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The clock has begun ticking for TikTok to find a new owner.

President Joe Biden signed legislation Wednesday that would ban TikTok in the United States unless its Chinese parent, ByteDance, sells the app. TikTok plans to challenge the law in court, but if it fails, the company would have to find a buyer, and fast.

That raises the question of who the US government might view as a suitable new owner of a social media platform with 170 million US users and a rising challenger to legacy social media giants such as Facebook-parent Meta.

The prospect of a TikTok sale could lead to a potential feeding frenzy, drawing out everyone from tech companies to retailers and private equity firms and investment bankers.

And an added headache for any potential buyer: China’s commerce ministry has previously said it would “firmly oppose” any forced sale of TikTok.

There’s no apparent consensus on a favorite bidder yet. But some candidates seem more likely than others, legal experts and business analysts say.

Any effort by an established tech giant with a large social media presence would immediately trigger antitrust red flags, according to analysts.

Meta is already fighting a Federal Trade Commission lawsuit that alleges its purchase of WhatsApp and Instagram violated US antitrust law, and the FTC is actively seeking to break up the company.

Google is also fighting Justice Department antitrust suits on two fronts. These are related to its search and advertising technology businesses, not its ownership of YouTube. Still, the company is under such close scrutiny that it would be a poor candidate to buy TikTok, experts say.

“If it’s Amazon, Microsoft, Google or Meta, I just think you’re going to see substantial antitrust concern,” said Gene Kimmelman, a former Justice Department antitrust official. “If you were to say, like, an Intel, or a Cisco, maybe Oracle, I don’t know. If you were to tell me it’s Verizon, or AT&T, maybe it’s not as big of a problem.”

Jasmine Enberg, principal analyst at Emarketer, highlighted a paradox: Only the largest, most dominant tech giants may have the resources to buy TikTok. But it may be they who would attract the most regulatory skepticism.

“Any potential buyer must have deep pockets and a strong stomach,” Enberg said. “While many would want to get their hands on TikTok’s coveted algorithm, most of those who could afford to buy the app wouldn’t be able to clear antitrust hurdles.”

Microsoft recently attracted heaps of antitrust scrutiny when it sought to buy the video game publisher Activision Blizzard in one of the largest tech mergers in history. But it ultimately overcame an FTC lawsuit and placated other international regulators to close the blockbuster deal last fall.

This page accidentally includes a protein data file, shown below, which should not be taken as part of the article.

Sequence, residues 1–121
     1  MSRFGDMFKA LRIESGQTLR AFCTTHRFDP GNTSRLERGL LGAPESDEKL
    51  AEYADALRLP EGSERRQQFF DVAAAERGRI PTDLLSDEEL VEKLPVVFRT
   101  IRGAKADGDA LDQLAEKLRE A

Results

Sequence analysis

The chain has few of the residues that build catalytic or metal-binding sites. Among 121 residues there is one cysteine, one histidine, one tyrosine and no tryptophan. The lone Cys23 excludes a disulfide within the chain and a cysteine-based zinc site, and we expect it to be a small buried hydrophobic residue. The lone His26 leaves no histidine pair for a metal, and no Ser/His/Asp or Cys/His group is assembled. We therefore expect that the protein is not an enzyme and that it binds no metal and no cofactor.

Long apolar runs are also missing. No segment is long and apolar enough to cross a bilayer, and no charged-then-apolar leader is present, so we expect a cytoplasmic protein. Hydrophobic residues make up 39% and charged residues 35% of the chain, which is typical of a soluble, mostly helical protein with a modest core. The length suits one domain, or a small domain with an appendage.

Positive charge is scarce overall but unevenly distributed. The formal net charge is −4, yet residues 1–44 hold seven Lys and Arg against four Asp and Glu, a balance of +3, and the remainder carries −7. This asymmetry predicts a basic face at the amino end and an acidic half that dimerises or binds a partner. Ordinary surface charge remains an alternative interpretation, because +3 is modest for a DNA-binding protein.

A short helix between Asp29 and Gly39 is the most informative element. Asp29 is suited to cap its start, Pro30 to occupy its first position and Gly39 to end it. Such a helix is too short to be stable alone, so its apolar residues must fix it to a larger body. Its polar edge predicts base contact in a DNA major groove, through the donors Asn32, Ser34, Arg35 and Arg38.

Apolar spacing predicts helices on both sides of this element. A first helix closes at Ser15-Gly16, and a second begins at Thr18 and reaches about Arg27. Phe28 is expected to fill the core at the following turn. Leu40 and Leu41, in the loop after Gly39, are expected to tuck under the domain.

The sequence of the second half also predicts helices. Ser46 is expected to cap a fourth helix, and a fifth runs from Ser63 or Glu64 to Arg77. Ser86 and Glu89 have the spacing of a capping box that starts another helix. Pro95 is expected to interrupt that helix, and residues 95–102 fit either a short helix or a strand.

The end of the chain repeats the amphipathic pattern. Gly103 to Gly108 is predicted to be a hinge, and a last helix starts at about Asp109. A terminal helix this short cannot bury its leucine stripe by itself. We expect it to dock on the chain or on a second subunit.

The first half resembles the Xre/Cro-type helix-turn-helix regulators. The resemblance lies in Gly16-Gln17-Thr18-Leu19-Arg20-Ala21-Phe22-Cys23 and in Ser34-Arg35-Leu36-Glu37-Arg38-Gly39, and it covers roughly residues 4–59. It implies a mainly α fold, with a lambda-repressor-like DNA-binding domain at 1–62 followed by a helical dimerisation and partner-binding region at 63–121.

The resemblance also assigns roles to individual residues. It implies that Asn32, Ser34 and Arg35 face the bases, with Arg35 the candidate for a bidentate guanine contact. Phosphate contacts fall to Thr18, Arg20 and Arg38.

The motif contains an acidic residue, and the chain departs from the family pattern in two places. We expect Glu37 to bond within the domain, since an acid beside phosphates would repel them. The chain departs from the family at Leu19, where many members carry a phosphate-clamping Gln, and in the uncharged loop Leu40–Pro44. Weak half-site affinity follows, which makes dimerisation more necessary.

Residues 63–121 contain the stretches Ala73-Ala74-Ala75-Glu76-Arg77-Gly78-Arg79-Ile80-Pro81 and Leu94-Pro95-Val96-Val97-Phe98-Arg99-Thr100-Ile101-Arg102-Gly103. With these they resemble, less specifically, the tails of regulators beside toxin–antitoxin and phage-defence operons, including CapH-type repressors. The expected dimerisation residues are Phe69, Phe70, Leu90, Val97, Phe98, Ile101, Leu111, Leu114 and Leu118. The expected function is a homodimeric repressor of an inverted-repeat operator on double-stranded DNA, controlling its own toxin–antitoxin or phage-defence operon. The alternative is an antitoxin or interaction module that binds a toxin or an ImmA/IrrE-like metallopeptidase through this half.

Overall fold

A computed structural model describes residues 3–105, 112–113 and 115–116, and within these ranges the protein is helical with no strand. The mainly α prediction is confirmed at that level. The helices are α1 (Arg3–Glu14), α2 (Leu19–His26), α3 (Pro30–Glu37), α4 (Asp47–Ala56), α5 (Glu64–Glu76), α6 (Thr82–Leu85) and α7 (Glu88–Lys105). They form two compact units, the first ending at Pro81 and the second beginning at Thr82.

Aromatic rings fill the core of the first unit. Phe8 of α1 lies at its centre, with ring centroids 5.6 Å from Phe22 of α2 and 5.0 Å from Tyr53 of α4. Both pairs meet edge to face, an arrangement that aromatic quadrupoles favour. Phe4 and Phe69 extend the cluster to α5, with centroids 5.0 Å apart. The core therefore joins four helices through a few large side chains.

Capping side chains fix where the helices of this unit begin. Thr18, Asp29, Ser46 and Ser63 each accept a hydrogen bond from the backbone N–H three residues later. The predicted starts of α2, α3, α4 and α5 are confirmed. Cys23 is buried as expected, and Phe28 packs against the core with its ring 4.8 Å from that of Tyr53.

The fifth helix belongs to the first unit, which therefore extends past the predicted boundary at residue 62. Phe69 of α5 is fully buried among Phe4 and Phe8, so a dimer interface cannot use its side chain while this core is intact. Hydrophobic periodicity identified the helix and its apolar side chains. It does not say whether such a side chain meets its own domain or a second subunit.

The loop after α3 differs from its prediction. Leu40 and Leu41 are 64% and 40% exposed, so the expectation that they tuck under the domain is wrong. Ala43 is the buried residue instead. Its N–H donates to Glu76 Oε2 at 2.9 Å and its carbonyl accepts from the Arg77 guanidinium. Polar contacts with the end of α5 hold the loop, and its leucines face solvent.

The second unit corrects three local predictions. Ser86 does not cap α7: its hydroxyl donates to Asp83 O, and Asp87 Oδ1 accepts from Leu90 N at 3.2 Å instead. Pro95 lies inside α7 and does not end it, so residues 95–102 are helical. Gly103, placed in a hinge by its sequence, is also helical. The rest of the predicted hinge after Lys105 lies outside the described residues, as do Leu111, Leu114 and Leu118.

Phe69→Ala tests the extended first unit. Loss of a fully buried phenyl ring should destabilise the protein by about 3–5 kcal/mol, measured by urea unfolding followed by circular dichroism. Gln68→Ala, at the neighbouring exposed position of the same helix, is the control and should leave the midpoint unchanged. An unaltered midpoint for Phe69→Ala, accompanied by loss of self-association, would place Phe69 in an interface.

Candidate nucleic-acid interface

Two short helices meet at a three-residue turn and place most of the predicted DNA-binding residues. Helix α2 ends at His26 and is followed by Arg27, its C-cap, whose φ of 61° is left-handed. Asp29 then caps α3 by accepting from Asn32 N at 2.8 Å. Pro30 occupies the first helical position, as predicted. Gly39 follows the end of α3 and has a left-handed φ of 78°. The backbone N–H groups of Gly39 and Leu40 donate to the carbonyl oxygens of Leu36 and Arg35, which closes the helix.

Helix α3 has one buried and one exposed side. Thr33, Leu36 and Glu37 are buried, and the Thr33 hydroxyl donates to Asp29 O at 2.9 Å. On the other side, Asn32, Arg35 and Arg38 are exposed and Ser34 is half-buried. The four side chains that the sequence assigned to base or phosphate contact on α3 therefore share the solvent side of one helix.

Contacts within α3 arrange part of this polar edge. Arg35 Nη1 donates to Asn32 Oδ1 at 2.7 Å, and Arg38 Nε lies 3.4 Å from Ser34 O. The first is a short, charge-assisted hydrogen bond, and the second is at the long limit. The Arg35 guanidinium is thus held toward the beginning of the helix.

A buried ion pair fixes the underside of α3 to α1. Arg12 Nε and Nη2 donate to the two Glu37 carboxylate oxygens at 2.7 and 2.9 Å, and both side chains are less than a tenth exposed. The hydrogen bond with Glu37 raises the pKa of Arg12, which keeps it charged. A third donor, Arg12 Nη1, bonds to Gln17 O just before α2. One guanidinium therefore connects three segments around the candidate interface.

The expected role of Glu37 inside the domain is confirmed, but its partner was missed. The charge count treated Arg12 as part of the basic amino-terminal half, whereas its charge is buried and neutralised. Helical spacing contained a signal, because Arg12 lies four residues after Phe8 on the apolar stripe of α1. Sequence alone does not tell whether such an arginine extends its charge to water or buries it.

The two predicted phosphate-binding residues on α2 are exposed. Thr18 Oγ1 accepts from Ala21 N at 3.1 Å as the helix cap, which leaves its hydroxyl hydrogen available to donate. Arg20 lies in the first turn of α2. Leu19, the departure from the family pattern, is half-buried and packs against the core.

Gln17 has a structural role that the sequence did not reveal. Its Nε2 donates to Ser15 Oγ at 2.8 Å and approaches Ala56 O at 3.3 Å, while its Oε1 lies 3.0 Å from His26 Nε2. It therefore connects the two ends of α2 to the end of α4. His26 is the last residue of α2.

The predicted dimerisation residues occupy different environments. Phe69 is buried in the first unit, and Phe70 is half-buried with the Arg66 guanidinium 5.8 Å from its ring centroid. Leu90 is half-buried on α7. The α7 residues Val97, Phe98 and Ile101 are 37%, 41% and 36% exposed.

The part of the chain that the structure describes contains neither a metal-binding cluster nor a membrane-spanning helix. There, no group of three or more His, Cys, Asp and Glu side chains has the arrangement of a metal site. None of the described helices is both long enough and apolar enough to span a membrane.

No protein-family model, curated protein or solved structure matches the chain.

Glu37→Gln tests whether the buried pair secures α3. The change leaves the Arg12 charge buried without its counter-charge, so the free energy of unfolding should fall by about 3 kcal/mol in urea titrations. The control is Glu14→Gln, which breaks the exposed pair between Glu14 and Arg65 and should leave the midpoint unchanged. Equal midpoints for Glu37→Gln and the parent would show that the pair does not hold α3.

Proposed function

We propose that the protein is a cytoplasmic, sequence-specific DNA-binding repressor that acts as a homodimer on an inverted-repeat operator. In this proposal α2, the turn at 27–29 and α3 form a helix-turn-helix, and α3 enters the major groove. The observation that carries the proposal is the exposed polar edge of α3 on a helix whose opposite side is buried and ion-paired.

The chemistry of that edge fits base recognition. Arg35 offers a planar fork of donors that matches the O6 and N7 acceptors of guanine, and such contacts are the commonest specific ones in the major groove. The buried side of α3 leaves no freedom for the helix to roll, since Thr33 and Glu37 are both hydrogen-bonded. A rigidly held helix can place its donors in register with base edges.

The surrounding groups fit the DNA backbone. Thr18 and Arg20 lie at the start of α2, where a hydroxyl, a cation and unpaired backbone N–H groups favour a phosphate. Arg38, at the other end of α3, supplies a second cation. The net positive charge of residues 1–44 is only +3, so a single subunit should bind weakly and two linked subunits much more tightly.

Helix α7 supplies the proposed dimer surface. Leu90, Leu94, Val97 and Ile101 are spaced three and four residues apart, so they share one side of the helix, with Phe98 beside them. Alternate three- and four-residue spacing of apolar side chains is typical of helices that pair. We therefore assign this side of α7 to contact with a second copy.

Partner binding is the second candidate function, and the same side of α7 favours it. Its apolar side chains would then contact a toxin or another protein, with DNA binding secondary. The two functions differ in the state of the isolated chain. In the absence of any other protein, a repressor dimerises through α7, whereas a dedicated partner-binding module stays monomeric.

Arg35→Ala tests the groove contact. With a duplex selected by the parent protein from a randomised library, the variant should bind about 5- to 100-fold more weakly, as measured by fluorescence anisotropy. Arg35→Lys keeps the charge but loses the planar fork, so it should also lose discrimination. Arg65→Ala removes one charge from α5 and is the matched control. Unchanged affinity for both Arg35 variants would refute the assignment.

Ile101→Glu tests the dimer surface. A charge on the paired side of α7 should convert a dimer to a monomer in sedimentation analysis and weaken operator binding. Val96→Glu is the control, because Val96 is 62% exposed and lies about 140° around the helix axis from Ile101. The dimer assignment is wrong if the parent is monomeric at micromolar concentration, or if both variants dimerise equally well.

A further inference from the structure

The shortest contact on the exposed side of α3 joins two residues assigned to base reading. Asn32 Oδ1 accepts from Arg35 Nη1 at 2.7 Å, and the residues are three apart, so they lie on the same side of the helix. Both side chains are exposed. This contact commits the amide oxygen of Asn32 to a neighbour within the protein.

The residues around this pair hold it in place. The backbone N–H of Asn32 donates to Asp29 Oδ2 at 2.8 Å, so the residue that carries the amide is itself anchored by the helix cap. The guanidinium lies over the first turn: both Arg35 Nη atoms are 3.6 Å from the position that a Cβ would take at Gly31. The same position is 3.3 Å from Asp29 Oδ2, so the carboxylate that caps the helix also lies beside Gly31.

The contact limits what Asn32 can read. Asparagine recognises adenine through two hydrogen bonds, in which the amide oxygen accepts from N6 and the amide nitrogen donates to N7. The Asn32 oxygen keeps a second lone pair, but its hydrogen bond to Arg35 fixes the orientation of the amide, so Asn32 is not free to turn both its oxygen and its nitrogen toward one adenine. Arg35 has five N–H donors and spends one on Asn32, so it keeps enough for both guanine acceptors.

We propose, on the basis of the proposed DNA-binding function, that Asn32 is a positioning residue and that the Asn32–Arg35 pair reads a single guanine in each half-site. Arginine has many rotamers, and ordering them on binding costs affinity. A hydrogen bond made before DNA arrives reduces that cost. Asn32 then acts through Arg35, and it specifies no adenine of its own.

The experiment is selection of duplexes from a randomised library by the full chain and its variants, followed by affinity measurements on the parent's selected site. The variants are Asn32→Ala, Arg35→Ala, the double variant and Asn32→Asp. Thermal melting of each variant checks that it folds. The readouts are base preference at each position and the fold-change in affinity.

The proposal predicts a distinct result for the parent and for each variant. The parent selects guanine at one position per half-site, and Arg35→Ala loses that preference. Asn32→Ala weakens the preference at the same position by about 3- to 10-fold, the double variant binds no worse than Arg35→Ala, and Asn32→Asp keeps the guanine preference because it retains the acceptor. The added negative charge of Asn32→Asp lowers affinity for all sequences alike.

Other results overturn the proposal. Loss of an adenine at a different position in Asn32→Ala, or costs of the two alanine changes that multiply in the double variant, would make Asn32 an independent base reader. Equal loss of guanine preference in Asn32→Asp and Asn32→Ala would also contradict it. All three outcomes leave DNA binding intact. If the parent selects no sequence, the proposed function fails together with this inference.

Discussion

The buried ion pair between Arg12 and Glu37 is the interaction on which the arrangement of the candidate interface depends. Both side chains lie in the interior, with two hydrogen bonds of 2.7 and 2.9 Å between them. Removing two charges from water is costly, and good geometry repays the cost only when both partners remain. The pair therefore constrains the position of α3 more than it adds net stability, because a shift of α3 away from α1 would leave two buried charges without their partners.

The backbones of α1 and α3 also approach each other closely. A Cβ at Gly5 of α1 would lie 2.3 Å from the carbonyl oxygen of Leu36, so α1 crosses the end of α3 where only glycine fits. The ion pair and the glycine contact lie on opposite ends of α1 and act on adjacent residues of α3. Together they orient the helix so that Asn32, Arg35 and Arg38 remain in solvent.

Fresh off that success, Microsoft could find itself with a renewed opportunity to strike a deal with TikTok. While Microsoft owns LinkedIn, a social network geared to professionals, it doesn’t have an app like TikTok in its portfolio.

Microsoft had been one of the handful of contenders to buy TikTok in 2020 when President Donald Trump first pushed for a sale. The negotiations had also involved Walmart, which said at the time it was partnering with Microsoft on a possible deal.

Both companies dropped their efforts after TikTok agreed to work with Oracle on Project Texas, the initiative by TikTok to store US user data on Oracle-owned servers and that was intended to satisfy US national security concerns.

Four years later, with TikTok’s future in doubt, so is the fate of Project Texas, and that means those who had previously expressed interest in TikTok may have another shot. And Oracle, too.

In a move that caught many by surprise, former Trump Treasury Secretary Steven Mnuchin announced last month that he is putting together a team of investors to buy TikTok.

The exact details of Mnuchin’s offer are hazy, though he has reportedly suggested a deal could exclude TikTok’s powerful content algorithm that has formed the basis of its popularity. That might get around Chinese government export restrictions on recommendation algorithms, but would essentially mean buying only TikTok’s brand and leaving its most treasured asset off the table.

The unusual pitch has already raised eyebrows: Mnuchin helped lead the Trump administration’s effort to ban TikTok the first time around. Mnuchin has said publicly that that experience gave him a deep understanding of TikTok and how it operates, including the data it collects on users.

That Mnuchin may now leverage that inside knowledge for his own potential benefit reflects a conflict of interest, some critics say.

It would be a “disgrace if [Mnuchin] was allowed to turn around and use that classified information to further enrich himself and his Saudi buddies,” Oregon Democratic Sen. Ron Wyden told The Washington Post last month.

Buying TikTok would also turn Mnuchin into a rival to Trump, who is the chairman and leading shareholder of the company that owns Truth Social, a social media platform where Trump is its most popular user.

Other businessmen who’ve expressed interest include Kevin O’Leary, the Canadian chairman of the private venture capital firm O’Leary Ventures. As with Mnuchin, O’Leary has said a potential acquisition of TikTok may have to exclude TikTok’s algorithm. His suggested opening bid? Between $20 billion and $30 billion.

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